Do you ever wonder how Charles Spurgeon was able to accomplish so much in his relatively short life? Yes, we can point to his rigorous schedule and otherworldly work ethic. It is also important to note his God given talent and aptitude for memory, focus, and extemporaneous brilliance. But Spurgeon’s fruitful and faithful life—thousands of sermons preached, millions of words penned, souls from all corners of the world reached for Christ—was not fueled by coffee and zeal alone. How did Spurgeon preach and live with such confidence and authority?
The real secret to Spurgeon’s gospel gusto was his confidence in the sovereignty and saving power of his God.
“If there be an elect soul whom God predestines to be converted by my word, he may have fetched him home from Australia to-day, by some untoward accident, as it seems to him; or he may have set sail for America, and the ship may have been drifted back; but this I know, that God will shake heaven and earth sooner than suffer one sleet soul to miss the predestined moment.”
The Prince of Preachers chose not rely on his own princely powers of persuasion, but on the surety of his King’s royal decrees. His confidence in evangelism, preaching, teaching, writing, counseling and living all came from an unwavering faith that God is able to accomplish what he wills.
“Conversion is God’s work: it cannot be wrought without his hand. Without him we can do nothing.”
Further, Charles knew that the gospel he preached had the real power. There is not a single sermon, and hardly a single letter, that he failed to drench with gospel witness. He made sure that the thousands of souls saved under his ministry were not convinced by his acute ability to turn a phrase, but by the surety of the gospel message. Once that message went out, he remained confident in its power to save.
“When you preach the gospel, souls will be saved. To secure that end you must stick to the gospel, for that is the one means ordained by God for the conversion of sinners.”
We must admit that simple preachers, teachers, ministers, and lay people do not have Spurgeon’s unique giftings. The everyday Christian sent out to witness to her unbelieving co-worker does not carry in herself the same skill or knowledge as a man who made it his every moment’s work to preach the gospel. The country preacher laboring in service for his small congregation does not possess the same global influence of a man whose sermons are still heard throughout the world over 120 years after his death. And yet, the same Spirit of God flows through them, and the same gospel Word is on their lips.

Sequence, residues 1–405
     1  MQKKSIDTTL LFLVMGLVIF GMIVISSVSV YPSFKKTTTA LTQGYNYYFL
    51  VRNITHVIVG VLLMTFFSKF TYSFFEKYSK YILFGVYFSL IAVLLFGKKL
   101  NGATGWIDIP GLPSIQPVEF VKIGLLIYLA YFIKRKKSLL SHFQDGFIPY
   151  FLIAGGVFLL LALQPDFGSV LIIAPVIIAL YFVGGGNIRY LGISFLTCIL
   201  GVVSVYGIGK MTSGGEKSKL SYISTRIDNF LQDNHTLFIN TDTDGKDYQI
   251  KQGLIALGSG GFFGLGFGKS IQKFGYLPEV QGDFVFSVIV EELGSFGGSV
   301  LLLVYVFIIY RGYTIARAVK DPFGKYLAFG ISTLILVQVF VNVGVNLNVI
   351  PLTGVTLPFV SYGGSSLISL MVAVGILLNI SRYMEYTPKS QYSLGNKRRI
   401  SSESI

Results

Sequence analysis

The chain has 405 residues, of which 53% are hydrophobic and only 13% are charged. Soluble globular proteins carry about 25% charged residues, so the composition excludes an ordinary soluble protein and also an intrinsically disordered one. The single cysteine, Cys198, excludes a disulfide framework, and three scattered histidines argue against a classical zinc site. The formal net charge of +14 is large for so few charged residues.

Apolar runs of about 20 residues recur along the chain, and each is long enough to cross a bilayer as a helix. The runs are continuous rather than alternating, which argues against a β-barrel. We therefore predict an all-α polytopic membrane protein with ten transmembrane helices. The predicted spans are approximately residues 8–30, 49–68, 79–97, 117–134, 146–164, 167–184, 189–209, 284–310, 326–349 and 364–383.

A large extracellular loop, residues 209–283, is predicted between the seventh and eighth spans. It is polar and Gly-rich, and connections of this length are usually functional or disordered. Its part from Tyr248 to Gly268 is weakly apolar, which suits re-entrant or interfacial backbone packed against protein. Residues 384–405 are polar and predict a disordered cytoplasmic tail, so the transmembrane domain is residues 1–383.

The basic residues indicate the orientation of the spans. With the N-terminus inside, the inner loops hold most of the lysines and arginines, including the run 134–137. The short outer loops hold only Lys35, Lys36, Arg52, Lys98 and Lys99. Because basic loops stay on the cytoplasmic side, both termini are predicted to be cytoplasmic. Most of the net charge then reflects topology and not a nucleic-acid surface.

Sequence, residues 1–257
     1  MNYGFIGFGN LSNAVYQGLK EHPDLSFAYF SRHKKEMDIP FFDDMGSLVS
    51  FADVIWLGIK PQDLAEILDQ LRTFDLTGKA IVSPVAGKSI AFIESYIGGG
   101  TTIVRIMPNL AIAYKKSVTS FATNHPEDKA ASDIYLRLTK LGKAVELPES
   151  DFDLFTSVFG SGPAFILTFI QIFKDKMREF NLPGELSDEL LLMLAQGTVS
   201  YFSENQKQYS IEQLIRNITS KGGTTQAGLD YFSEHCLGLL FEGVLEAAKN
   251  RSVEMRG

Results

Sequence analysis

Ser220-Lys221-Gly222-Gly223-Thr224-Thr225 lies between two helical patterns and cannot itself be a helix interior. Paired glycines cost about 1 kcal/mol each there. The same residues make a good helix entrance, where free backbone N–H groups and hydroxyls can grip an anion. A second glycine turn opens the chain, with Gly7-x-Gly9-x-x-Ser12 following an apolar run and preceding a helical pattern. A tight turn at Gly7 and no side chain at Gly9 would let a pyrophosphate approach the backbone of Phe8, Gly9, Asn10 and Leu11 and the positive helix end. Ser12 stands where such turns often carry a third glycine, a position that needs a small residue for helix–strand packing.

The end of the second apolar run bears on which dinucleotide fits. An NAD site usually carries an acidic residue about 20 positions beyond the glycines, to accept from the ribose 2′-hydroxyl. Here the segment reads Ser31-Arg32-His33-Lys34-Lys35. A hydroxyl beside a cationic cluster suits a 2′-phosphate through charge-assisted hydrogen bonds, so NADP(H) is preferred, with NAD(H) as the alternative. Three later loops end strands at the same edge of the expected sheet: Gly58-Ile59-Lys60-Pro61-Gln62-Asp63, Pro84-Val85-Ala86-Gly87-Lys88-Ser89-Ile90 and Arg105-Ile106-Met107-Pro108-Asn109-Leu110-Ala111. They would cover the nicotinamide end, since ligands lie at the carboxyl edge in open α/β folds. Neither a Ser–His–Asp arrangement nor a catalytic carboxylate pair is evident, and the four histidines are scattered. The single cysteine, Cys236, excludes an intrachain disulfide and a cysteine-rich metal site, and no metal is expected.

“I question whether our preaching in unbelief is of much service, but if we preach believing that souls will be saved, then they will be saved. If we preach relying on God’s promise that his Word shall not return unto him void, it will not return void, but there shall be fruit for the sower, according to the assurance of our faithful God.”
What is left for those of us who aren’t that great Victorian preacher? We can preach, reach, share, and live with his same unwavering confidence, if only we believe, as he did, that by our feeble witness God in his grace saves needy sinners. Like Spurgeon, we rely on God’s promise that the boomerang of his preached gospel always comes back bearing fruit, and we make it our mission to proclaim the good news of Jesus until he comes again to make us his own. We may not be Spurgeon, but his message is our message, his God is our God, and his confidence is our confidence.
Drake Osborn works as a research assistant at The Spurgeon Library in Kansas City, where he is pursuing a Master of Divinity from Midwestern Baptist Theological Seminary and serves as a pastoral resident at Emmaus Church. He also blogs at drakeosborn.com, and you can follow him on twitter.